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Polyps of colon and small intestine [keywords]
- Single-incision laparoscopic colectomy: training the next generation. [Journal Article]
- Surg Endosc 2013 May; 27(5):1784-90.
Single-incision laparoscopic colectomy (SILC) is touted to be an improved approach for minimally invasive surgery although no data currently exists regarding the acquisition of skills for the safe performance of this technique. The authors report their early experience with proctoring of surgical residents in SILC by experienced colorectal surgeons.Data regarding patient demographics, operative data, and short-term outcomes were prospectively collected at two surgical training hospitals. Residents and staff independently rated individual components of this technique to compare them with learning standard multiport colectomy (MP).A total of 31 SILC cases (15 men; mean age 53 years) were managed. The average BMI was 26.5 kg/m(2) (range 16-39 kg/m(2)). The surgical indications included cancer (n = 13), polyps (n = 8), diverticular disease (n = 4), Crohn's disease (n = 2), familial adenomatous polyposis (n = 2), volvulus (n = 1), and rectal prolapse (n = 1). The average operative time was 164 ± 86 min, and the mean blood loss was 80 ± 83 mL. The mean incision length was 4.1 ± 1.1 cm. One case required additional trocar placement (stoma creation), and three cases required conversion to open procedure because of failure to progress, difficult colorectal anastomosis, or poor visualization. The median hospital stay was 5.7 ± 1.3 days. The 30-day morbidity included minor wound infections (9.7 %), ileus (6.5 %), blood transfusion (3.2 %), and intraabdominal abscess (3.2 %). No deaths occurred. Residents rated vascular pedicle isolation, mobilization, critical structure exposure, instrument conflict/handling, and ergonomics as significantly more difficult with SILC.Senior-level residents can safely perform SILC under appropriate experienced supervision. The required advanced skills reflect complex laparoscopic training occurring during residency. Opportunities exist for better preparation and training of surgical residents to perform this complex surgery independently and safely at completion of residency.
- Peutz-Jegher syndrome in childhood: need for updated recommendations? [Journal Article]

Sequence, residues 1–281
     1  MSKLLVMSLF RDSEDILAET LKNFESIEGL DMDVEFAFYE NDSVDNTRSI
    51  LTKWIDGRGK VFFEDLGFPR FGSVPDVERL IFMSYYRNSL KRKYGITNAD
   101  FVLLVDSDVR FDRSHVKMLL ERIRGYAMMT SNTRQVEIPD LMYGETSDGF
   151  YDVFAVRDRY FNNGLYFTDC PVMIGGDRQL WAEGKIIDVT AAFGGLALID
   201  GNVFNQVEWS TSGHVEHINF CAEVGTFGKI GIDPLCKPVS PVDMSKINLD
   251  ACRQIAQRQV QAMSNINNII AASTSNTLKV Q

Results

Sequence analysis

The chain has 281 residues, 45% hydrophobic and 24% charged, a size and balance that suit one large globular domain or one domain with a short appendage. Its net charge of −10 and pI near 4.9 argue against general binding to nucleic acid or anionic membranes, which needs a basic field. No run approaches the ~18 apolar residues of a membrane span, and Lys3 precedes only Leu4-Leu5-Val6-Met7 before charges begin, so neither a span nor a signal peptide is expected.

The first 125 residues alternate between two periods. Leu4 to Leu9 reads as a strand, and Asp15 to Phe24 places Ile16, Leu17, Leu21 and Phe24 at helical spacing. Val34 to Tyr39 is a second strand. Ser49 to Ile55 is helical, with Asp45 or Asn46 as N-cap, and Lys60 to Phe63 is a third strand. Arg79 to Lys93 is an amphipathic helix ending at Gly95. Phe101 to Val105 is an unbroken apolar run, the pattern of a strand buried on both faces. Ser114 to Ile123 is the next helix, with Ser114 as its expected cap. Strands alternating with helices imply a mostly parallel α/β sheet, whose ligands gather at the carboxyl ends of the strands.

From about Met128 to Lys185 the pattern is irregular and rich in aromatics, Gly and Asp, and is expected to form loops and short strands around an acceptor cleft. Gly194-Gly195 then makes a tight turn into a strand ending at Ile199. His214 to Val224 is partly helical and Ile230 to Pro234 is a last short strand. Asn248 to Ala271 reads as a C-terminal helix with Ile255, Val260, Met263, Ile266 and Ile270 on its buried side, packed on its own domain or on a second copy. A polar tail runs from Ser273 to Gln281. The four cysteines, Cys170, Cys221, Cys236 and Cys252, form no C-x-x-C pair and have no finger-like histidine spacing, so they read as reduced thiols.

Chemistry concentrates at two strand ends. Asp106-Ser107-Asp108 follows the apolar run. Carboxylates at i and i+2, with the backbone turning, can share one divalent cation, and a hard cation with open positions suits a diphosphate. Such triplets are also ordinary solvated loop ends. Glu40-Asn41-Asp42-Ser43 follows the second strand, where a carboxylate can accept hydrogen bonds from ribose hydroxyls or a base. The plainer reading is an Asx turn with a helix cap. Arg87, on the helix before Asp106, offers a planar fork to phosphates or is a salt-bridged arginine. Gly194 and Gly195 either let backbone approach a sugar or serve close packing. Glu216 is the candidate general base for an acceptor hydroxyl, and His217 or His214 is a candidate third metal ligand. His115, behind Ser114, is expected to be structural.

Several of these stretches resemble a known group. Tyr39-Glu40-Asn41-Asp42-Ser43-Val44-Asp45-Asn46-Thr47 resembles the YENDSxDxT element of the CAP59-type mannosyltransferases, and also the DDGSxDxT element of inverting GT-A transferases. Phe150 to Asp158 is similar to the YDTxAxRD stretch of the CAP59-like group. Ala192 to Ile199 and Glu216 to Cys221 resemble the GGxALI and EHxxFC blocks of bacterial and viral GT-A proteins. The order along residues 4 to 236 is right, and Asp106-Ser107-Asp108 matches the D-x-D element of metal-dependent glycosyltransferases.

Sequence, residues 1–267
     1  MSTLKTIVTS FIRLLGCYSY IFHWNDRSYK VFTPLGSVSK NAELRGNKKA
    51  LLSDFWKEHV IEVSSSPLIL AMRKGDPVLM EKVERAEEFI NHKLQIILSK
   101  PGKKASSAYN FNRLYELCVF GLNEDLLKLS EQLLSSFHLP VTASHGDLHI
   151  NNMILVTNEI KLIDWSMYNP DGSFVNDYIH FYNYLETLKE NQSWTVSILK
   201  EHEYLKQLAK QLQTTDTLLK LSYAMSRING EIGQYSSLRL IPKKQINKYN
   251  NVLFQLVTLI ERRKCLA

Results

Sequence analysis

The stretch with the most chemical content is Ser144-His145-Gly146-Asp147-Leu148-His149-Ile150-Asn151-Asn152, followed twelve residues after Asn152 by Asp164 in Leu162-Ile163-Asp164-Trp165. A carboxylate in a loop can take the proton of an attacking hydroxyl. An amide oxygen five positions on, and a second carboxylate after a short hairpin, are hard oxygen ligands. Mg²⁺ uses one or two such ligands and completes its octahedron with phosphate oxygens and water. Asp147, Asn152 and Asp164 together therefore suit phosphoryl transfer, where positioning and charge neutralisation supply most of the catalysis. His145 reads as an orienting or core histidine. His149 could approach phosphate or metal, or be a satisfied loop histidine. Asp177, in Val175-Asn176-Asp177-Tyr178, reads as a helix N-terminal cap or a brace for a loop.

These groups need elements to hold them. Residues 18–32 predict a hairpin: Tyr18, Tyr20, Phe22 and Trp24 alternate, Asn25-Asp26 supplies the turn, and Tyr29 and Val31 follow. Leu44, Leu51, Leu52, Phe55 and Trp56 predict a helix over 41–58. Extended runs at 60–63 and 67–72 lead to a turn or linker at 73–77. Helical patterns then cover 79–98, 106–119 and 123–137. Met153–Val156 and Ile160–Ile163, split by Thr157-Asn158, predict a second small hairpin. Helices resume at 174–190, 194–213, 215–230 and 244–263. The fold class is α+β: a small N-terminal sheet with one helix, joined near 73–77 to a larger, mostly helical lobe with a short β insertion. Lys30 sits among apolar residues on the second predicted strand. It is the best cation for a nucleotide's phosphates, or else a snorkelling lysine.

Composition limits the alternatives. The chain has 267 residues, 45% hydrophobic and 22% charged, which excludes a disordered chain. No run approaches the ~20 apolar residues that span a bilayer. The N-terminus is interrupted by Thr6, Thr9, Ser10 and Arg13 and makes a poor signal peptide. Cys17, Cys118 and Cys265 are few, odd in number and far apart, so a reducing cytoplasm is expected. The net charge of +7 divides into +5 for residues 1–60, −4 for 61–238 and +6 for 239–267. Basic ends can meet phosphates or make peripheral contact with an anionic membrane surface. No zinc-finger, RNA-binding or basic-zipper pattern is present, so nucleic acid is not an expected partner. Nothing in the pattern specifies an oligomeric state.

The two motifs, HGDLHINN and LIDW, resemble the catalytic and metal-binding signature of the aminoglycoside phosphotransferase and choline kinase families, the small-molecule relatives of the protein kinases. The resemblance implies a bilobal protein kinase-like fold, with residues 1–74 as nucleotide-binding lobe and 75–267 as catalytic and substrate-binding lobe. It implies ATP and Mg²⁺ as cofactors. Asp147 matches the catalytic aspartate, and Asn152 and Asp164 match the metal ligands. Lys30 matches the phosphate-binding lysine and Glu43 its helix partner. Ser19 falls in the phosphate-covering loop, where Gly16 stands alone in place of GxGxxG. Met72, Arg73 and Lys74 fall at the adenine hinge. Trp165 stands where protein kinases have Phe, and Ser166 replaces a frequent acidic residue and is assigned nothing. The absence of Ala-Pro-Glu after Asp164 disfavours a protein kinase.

- J Pediatr Gastroenterol Nutr 2013 Feb; 56(2):191-5.
We reviewed our institution's experience with Peutz-Jegher syndrome (PJS) in children to determine whether current recommendations on timing of screening and follow-up should be modified.We reviewed the charts of all of the children with a diagnosis of PJS at our institution from 2000 to 2011 abstracting data on intussusceptions events, polyp characteristics, Sertoli cell (SC) tumors, family history, imaging, and interventions.Of 14 children identified, 10 were boys. Median age at first clinical evaluation was 4.5 years, and family history and/or mucocutaneous pigmentation were the 2 most common factors stimulating screening. Median age at first screening test was 5 years (range 1-16), and at first polyp identification, 5 years (range 1 to 18). There were 7 intussusception events in 5 children, with median age of 10 and range 5 to 16 for first event. Two boys had SC tumors at 8 and 11 years. Polyps were identified during initial screening in 9 of 14 patients. Polyps were found in the stomach or duodenum in 5 (36%), small bowel in 7, (50%) and colon in 3 (21%) children. Large polyps were identified in 9 children at median age of 7 years.Polyps causing significant clinical consequences can occur frequently in children with PJS younger than 8 years. Revised guidelines should consider initial screening at age 4 to 5 with capsule endoscopy and upper and lower endoscopy as well as evaluation for SC tumors and re-evaluation whenever symptoms suggest polyp-associated complications.
- Suture marker lesion detection in the colon by self-stabilizing and unmodified capsule endoscopes: pilot study in acute canine models. [Evaluation Studies, Journal Article]
- Gastrointest Endosc 2013 Feb; 77(2):272-9.
Capsule endoscopy is a noninvasive method for examining the small intestine. Recently, this method has been used to visualize the colon. However, the capsule often tumbles in the wider colon lumen, resulting in potentially missed pathology. In addition, the capsule does not have the ability to distend collapsed segments of the organ. Self-stabilizing capsule endoscopy is a new method of visualizing the colon without tumbling and with the ability to passively distend colon walls.To quantitatively compare the detection rate of intraluminal suture marker lesions for colonoscopy by using a custom-modified, self-stabilizing capsule endoscope (SCE); an unmodified capsule endoscope (CE) of the same brand; and a standard colonoscope.Four mongrel dogs underwent laparotomy and the implantation of 5 to 8 suture markers to approximate colon lesions. Each dog had both capsule endoscopy and self-stabilizing capsule endoscopy, administered consecutively in random order. In each case, the capsule was inserted endoscopically into the proximal lumen of the colon followed by pharmacologically induced colon peristalsis to propel it distally through the colon. Blinded standard colonoscopy was performed by an experienced gastroenterologist after the capsule endoscopies.Experimental study in a live canine model.Four dogs.Laparotomy, capsule endoscopy, colonoscopy.Comparison of the marker detection rate of the SCE to that of the unmodified MiroCam CE and a colonoscope.The average percentages of the marker detection rate for unmodified capsule endoscopy, self-stabilizing capsule endoscopy, and colonoscopy, respectively, were 31.1%, 86%, and 100% (P < .01), with both self-stabilizing capsule endoscopy and colonoscopy performing significantly better than the unmodified capsule endoscopy.Acute canine model, suture markings poorly representative of epithelial polyps, limited number of animals.The proposed self-stabilizing capsule endoscope delivered a significant improvement in detection rates of colon suture markings when compared with the unmodified capsule endoscope.